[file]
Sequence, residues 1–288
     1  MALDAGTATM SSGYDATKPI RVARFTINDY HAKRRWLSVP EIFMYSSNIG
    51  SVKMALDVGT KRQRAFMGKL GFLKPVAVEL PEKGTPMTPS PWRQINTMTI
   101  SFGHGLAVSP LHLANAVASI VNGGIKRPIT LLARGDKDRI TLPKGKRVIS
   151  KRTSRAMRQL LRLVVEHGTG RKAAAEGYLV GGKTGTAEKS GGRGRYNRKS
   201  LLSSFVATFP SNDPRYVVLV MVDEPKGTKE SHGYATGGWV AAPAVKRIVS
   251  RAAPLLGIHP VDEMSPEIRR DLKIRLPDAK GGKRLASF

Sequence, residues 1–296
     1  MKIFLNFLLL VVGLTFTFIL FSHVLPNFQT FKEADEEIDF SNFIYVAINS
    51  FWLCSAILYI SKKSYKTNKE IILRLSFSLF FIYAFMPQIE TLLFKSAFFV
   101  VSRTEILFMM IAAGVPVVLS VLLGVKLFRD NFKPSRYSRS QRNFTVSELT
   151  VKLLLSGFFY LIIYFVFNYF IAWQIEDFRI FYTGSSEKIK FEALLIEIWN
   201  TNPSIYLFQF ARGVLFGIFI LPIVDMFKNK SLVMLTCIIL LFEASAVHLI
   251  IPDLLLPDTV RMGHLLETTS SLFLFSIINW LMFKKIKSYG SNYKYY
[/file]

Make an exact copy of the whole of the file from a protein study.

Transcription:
Sequence, residues 1–288
     1  MALDAGTATM SSGYDATKPI RVARFTINDY HAKRRWLSVP EIFMYSSNIG
    51  SVKMALDVGT KRQRAFMGKL GFLKPVAVEL PEKGTPMTPS PWRQINTMTI
   101  SFGHGLAVSP LHLANAVASI VNGGIKRPIT LLARGDKDRI TLPKGKRVIS
   151  KRTSRAMRQL LRLVVEHGTG RKAAAEGYLV GGKTGTAEKS GGRGRYNRKS
   201  LLSSFVATFP SNDPRYVVLV MVDEPKGTKE SHGYATGGWV AAPAVKRIVS
   251  RAAPLLGIHP VDEMSPEIRR DLKIRLPDAK GGKRLASF

Sequence, residues 1–296
     1  MKIFLNFLLL VVGLTFTFIL FSHVLPNFQT FKEADEEIDF SNFIYVAINS
    51  FWLCSAILYI SKKSYKTNKE IILRLSFSLF FIYAFMPQIE TLLFKSAFFV
   101  VSRTEILFMM IAAGVPVVLS VLLGVKLFRD NFKPSRYSRS QRNFTVSELT
   151  VKLLLSGFFY LIIYFVFNYF IAWQIEDFRI FYTGSSEKIK FEALLIEIWN
   201  TNPSIYLFQF ARGVLFGIFI LPIVDMFKNK SLVMLTCIIL LFEASAVHLI
   251  IPDLLLPDTV RMGHLLETTS SLFLFSIINW LMFKKIKSYG SNYKYY